• High competition with other groups
  • Personal attractiveness
  • members aim at increase in the group status
  • Favourable Evaluation
  • when they physically isolate the group

Effects of Cohesiveness

Effects of Cohesiveness:  Cohesiveness influences productivity. Cohesiveness alongwith induction and performance norms influences productivity.

  • High cohesiveness alongwith positive induction of the employee to the work, company, colleagues etc.
  • leads to high productivity
  • Low cohesiveness along negative induction leads to low productivity
  • High cohesiveness alongwith high performance norms result in high productivity
  • High cohesiveness alongwith low performance norms leads to low productivity
  • Low cohesiveness alongwith high performance norms results in moderate productivity
  • High cohesiveness alongwith negative induction results in low productivity.

Factors that Decrease Group Cohesiveness

  • Spend less time with each other
  • Large size of the group
  • Infrequent interaction among members
  • No Threats
  • Disagreement on Common Goals
  • No competition with other groups
  • Unpleasant experiences
  • Domination by one or more members

What are the important elements of group structure?

  • Status: It refers to the position or rank within a group. Different roles or positions in a group
    are associated with different levels of status. Members of groups which are high in status are
    viewed favourably by others. For example- the captain of a cricket team has a higher status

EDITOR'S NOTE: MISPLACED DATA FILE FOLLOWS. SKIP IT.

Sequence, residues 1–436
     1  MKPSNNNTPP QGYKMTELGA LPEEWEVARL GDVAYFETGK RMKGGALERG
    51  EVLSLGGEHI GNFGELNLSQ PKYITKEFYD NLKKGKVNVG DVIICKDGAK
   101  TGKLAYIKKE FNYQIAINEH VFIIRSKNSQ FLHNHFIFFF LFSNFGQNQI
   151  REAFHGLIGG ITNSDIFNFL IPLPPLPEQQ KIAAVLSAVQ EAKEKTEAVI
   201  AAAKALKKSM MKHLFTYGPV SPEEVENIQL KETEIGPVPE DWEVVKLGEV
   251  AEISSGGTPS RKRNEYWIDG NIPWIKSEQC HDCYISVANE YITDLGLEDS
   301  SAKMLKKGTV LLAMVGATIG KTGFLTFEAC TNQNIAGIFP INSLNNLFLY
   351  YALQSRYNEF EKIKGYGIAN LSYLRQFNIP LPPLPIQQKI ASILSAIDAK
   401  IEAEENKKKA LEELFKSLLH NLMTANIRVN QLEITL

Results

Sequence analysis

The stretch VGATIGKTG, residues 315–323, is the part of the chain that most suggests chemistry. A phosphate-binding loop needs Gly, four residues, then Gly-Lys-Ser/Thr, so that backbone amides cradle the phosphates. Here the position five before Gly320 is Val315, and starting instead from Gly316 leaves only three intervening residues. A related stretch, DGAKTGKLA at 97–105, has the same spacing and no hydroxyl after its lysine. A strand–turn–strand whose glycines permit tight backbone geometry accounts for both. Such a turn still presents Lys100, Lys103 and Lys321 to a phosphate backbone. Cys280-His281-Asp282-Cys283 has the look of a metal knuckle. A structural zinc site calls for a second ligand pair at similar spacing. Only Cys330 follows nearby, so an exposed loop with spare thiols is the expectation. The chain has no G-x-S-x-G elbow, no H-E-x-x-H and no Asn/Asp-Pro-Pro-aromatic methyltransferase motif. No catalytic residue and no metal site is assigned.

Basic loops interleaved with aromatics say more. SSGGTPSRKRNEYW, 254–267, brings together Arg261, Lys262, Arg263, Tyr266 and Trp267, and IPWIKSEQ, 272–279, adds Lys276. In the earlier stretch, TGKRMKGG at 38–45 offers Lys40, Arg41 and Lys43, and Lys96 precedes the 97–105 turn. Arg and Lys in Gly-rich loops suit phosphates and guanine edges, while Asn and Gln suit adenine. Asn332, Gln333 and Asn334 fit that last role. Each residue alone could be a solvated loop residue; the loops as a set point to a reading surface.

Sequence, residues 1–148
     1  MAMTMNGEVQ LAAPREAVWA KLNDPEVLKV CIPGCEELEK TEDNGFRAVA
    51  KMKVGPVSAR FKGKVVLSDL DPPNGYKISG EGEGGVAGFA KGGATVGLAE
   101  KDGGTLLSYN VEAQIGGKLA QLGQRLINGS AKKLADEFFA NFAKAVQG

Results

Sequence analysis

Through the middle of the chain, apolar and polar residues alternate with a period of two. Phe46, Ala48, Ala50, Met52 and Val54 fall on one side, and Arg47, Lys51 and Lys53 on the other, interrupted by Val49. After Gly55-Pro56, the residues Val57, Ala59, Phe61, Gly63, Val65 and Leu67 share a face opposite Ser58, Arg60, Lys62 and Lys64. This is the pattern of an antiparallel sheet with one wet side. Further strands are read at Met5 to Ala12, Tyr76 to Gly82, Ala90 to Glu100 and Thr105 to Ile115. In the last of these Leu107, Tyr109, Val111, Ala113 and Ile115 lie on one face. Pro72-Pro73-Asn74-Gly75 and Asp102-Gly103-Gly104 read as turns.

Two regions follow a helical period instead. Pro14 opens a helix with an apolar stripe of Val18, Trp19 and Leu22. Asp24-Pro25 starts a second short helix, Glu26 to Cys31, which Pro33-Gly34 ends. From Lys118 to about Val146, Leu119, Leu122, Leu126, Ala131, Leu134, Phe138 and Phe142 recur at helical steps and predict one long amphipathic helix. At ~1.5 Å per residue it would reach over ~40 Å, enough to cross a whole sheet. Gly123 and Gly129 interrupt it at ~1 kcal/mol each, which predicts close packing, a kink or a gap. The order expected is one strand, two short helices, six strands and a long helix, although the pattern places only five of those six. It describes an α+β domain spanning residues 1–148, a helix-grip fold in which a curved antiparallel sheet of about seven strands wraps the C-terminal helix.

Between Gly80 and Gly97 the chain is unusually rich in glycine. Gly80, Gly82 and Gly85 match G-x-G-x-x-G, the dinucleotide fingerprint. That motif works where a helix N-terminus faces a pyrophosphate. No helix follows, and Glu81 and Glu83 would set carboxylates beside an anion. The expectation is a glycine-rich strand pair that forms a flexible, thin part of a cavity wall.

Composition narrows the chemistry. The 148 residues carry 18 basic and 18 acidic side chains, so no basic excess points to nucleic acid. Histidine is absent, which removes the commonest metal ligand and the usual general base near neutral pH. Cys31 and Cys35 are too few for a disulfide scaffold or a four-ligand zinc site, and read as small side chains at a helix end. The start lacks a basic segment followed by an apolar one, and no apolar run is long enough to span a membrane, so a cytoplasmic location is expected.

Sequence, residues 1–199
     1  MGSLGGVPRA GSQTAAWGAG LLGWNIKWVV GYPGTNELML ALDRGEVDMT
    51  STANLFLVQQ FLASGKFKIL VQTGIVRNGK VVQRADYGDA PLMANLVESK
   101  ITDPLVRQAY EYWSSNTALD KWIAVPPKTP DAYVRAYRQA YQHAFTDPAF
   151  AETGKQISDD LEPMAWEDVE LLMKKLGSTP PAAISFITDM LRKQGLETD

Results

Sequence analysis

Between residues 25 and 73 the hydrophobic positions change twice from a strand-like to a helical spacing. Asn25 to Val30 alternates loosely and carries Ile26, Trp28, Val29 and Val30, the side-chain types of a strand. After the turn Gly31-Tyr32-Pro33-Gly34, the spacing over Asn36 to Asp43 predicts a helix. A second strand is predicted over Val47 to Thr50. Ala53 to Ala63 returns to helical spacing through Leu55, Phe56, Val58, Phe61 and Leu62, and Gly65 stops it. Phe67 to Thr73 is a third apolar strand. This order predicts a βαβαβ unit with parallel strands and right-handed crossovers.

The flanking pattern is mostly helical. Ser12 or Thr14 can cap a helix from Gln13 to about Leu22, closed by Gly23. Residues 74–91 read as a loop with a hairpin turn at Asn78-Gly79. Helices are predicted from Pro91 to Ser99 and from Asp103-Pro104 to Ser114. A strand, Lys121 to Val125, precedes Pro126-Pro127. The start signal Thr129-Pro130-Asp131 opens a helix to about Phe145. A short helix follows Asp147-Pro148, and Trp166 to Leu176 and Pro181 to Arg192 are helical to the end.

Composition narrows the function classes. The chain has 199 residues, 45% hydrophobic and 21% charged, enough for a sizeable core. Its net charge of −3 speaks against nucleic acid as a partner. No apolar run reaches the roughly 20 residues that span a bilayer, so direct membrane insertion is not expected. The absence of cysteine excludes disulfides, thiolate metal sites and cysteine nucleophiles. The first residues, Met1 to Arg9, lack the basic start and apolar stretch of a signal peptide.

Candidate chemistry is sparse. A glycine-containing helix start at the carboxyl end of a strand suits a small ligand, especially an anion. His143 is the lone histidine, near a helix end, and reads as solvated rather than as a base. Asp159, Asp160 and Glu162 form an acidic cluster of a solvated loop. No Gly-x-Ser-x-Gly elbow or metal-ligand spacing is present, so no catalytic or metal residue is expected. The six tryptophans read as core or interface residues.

compared to the other members, although all are equally important for the team’s success.
  • Role: Role is set of behaviours which the individuals occupying specific position within a group
    are expected to perform, e.g., father as a bread-earner.
  • Norms:  Norms are expected standards of behaviour and beliefs established, agreed upon
    and enforced by group-members. e.g., in family, there are norms which guide the behaviour of
    family-members.
  • Cohesiveness: All forces (factors) that cause group-members to remain in the group, such
    as liking for the other members and the desire to maintain or increase one’s status by
    belonging to the ‘right groups’.

Factors affecting group behavior

A group is defined as two or more individuals, interacting and independent, who have come together to achieve particular objectives. Group behaviors are affected or influenced by some significant variables or factors. The major variables are:

  1. Formal leadership: Almost every work group has a formal leader. The common titles of those leaders are superior, foreman, project leader, department manager, general manager, chainman or managing director etc. These leaders can play an important role in group’s success. They are also liable for the failure of group.